To make ginger and garlic edible together, you should blend fresh ginger root with a few cloves of fresh garlic and a little water to make a paste, then add a small amount to hot water, stir and drink throughout the day.
Thyme has antibacterial, anti-fungal and expectorant (ridding the body of excess mucus) properties. One study showed that a fluid extract containing thyme herb and ivy leaves helped to reduce coughing fits in a group of adults suffering from acute bronchitis with productive cough. While it may not have quite the same effect, you may want to try steeping time leaves in hot water for 15-20 minutes to make a tea to try and ease your cough.
Apparently dreams do come true – recent scientific studies have shown that chocolate is actually better at treating a cough than standard medicine!
According to Dr Sarah Jarvis MBE, a general practitioner in London, this is due to two reasons. The first is that chocolate, like honey, “forms a sticky coating on the throat that can protect the nerve endings which get irritated when you have a cold”, therefore helping to calm the cough itself. The second finding is that cocoa contains a substance called theobromine, which “has proved to be quite promising in studies looking a suppressing coughs.” The theobromine is believed to help with coughs as it cuts down the body’s need to splutter.
These reasons give us excuse enough to treat ourselves! However, before tucking in on a whole load of chocolate at once, it’s important to know that there is a certain way that you need to eat it in order for it to help as a natural cough remedy: by slowly sucking on a single square of dark chocolate.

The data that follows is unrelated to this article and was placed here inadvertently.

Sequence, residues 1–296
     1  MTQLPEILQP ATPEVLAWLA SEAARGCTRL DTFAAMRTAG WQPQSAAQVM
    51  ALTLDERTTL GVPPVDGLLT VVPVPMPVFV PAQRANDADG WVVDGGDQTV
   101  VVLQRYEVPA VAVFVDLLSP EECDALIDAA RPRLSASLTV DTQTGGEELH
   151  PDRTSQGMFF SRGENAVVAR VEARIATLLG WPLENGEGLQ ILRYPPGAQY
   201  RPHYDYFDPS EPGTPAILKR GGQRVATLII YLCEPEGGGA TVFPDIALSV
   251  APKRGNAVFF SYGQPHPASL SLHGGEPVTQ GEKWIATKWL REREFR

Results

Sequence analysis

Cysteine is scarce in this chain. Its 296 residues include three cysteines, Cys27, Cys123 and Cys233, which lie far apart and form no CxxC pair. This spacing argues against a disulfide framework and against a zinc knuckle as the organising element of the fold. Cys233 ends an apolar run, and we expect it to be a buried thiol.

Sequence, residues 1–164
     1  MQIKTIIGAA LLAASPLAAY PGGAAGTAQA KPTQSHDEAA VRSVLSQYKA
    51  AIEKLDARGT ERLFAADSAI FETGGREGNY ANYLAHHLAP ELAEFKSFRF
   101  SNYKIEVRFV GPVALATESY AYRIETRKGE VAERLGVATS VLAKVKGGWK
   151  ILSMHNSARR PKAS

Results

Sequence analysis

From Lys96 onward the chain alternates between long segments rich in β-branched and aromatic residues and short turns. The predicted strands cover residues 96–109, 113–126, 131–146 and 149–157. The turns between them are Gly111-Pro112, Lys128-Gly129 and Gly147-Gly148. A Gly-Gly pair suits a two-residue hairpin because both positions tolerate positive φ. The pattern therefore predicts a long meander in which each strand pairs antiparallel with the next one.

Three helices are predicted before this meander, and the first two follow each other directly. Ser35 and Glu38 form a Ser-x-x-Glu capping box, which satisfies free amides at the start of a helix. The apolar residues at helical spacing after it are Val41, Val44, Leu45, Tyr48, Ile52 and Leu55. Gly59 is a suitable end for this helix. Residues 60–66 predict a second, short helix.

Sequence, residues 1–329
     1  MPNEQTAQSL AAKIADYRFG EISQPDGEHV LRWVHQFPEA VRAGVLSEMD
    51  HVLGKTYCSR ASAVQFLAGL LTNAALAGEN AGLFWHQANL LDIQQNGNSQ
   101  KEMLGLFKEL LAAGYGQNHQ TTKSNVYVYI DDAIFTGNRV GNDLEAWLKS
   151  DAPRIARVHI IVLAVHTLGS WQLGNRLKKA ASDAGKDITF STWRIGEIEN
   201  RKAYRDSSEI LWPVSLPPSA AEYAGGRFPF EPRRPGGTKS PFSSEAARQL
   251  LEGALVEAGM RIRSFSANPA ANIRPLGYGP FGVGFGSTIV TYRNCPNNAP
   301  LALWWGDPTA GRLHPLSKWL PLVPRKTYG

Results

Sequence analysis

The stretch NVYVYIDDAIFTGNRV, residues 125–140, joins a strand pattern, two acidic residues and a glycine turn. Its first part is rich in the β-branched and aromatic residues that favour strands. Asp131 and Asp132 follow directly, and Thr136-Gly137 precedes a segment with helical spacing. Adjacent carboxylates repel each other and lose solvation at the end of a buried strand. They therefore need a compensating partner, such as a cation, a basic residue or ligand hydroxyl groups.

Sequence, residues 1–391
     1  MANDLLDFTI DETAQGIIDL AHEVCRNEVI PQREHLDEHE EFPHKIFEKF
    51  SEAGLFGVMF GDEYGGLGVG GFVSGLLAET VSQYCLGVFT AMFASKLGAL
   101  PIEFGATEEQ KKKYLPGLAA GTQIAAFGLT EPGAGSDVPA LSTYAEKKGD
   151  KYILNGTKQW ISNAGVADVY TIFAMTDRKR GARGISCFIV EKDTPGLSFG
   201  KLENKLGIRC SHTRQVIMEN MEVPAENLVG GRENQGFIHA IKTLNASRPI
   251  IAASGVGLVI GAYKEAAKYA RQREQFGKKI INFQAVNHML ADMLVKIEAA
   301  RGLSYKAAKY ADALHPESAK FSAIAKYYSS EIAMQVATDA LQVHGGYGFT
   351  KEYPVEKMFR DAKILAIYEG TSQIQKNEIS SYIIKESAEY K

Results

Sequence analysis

Dark chocolate has less sugar and higher doses of cocoa than the milky version, which will provide a quick relief for a tickly throat.
The sweet liquorice herb has been used for centuries to as one of the natural cough remedies treat sore throats and alleviate coughing. Similarly to honey, it is a demulcent, which works to coat the irritated membranes in your throat and calm down the cough.
One study from 2015 has suggested that liquorice could be effective at preventing the growth of bacteria, fungi and even some viruses, alongside having anti-inflammatory and anti-oxidant properties. While another from 2018 relays the results from a study on mice, where it was discovered that some components in liquorice could reduce the frequency of coughs by between 30 and 78%
Place one teaspoon of the dried herb into two cups of water and boil. Allow it to steep before drinking. Equally, many cough syrups contain licorice extract. But licorice root is not suitable to give to children, so it’s best to only use for yourself.
Pineapple might not seem like one of the most conventional natural cough remedies, especially on a dark winter’s evening when you’d much rather have a cup of hot chocolate than a pina colada.
But bromelain, an enzyme found in the flesh of the tropical fruit, has been proven to suppress coughs and loosen mucus in the throat, the perfect treatment for a cough and a great natural remedy. Make sure you eat fresh pineapple, rather than a smoothie or dried versions for the best results.
Gurgling with salt and water
We’ve all heard of this one before but is it actually true? Well, in 2005 researchers surveyed 400 healthy volunteers and tracked their progress for 60 days during the cold and flu season. While some of the participants in the study were told to gargle three times a day, others weren’t. By the end, the group that regularly gurgled had almost 40 percent fewer infections in their upper respiratory tract compared to those who didn’t gurgle.
The study also concluded that “gargling tended to attenuate bronchial symptoms” so it might be unpleasant, but these researchers are suggesting that a quick gurgle with some salt and water could be a winner for both curing and preventing any nasty coughs.